Israel Aerospace Industries (IAI) announced on 2 June that it had successfully carried out a test involving two Long-Range Artillery Weapon System (LORA) ballistic missiles that hit separate targets at sea after being launched from a ship.
One of the two LORAs is launched from a wheeled launcher embarked on the civilian ship used for the test.
“The complex trial included two scenarios to test and demonstrate LORA’s advanced capabilities. The first scenario involved a short-range launch to 90 km and the second to a long range of 400 km,” the company said in a statement. Both targets were accurately hit, it added.
Boaz Levy, executive vice president and general manager of IAI’s Systems, Missiles, and Space Group, told journalists in a conference call that these distances were close to the missile’s minimum and maximum ranges. “In this latest trial, we decided to fire two missiles and check them at long and short ranges. We improved electronics and algorithms that mainly affected precision,” he said.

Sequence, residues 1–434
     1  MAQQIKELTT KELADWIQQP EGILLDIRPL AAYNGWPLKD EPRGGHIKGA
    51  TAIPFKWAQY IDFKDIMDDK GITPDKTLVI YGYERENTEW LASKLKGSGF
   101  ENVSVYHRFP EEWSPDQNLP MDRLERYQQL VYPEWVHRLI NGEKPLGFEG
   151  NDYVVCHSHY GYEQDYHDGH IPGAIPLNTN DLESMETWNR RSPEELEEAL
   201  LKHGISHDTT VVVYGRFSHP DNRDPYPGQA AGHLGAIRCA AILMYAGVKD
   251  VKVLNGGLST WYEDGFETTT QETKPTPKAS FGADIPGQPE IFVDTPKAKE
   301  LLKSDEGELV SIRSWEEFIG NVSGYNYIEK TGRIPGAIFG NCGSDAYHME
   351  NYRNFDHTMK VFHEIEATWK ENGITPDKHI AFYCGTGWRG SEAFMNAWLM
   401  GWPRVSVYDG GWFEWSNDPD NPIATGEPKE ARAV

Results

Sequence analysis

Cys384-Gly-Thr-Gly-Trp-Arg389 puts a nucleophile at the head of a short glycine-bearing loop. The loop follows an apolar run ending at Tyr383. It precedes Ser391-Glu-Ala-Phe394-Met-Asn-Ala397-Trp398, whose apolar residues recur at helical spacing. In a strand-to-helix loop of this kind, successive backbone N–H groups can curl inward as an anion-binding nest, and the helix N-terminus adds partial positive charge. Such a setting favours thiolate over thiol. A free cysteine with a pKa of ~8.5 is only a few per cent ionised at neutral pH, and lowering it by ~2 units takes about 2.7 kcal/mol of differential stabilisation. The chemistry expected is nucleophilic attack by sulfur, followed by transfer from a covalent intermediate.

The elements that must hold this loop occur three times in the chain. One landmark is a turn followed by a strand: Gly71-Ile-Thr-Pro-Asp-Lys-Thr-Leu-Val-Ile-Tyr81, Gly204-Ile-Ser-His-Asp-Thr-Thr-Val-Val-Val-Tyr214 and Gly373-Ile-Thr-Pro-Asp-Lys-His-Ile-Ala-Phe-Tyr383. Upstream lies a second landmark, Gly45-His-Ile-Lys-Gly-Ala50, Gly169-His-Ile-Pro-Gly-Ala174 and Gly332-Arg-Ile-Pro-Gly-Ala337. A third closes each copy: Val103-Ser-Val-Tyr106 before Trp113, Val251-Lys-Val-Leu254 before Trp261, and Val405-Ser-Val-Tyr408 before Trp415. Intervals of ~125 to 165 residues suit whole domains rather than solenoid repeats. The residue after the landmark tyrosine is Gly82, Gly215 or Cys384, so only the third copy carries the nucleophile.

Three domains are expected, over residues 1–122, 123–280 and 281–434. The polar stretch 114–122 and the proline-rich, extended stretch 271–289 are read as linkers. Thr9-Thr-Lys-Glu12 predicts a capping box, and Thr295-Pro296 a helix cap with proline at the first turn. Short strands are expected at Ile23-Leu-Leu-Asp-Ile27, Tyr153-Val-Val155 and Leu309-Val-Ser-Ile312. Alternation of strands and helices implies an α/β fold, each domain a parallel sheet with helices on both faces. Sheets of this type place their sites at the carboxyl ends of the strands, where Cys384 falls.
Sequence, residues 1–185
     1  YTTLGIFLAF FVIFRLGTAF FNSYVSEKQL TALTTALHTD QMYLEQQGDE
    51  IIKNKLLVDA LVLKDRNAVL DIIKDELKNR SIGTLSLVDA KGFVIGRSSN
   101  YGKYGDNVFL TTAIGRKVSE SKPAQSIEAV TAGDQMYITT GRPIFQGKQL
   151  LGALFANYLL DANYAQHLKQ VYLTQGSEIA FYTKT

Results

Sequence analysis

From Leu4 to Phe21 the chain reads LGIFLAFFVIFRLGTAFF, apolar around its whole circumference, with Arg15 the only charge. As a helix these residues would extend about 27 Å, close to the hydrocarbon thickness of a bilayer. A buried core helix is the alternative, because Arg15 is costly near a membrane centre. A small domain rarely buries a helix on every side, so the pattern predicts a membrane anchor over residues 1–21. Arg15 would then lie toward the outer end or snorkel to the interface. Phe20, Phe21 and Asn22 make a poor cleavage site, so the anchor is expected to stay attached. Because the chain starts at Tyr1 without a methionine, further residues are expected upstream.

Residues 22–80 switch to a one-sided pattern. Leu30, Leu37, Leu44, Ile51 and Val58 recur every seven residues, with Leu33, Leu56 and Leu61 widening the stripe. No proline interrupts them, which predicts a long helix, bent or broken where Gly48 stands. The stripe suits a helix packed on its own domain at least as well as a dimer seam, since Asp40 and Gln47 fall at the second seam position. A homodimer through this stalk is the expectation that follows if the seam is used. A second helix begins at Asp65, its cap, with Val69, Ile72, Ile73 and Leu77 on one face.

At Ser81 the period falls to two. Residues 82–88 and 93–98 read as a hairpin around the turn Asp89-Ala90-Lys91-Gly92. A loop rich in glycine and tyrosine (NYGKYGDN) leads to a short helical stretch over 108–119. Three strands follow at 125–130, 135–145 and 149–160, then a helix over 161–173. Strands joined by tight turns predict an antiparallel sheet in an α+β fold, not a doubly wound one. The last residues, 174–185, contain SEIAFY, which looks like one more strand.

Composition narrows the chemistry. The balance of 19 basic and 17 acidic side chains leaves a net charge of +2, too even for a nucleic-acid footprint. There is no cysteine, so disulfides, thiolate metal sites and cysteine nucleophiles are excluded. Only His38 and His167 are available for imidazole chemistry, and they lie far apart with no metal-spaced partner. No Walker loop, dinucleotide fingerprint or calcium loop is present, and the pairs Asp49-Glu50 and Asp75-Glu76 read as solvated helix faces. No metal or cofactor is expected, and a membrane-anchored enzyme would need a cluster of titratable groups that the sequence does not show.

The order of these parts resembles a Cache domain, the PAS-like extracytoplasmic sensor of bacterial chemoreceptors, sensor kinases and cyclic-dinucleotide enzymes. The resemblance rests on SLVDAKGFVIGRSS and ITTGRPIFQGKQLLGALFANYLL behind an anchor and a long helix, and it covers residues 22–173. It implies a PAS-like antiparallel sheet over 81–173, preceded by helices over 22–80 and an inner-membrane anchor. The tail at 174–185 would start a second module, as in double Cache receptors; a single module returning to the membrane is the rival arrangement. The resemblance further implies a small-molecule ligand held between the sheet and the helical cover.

“It can be installed on any ship. This is an attack weapon that can receive its targeting information from many sources,” he added.
The test was carried out with the support of the Israeli military and involved a land-based LORA launcher embarked on a ship to “comply with the safety requirements of trials of this type”, IAI said. The test was also managed remotely due to Covid-19 restrictions.
Developed by IAI’s MALAM division, the LORA is a surface-to-surface missile that IAI says “provides ballistic assault capabilities for multiple ranges with a precision level of 10 m circular error probable”. The missile can be fitted with a penetration or fragmentation warhead, usually one that weighs more than 200 kg, and uses GPS/inertial navigation system (INS) guidance.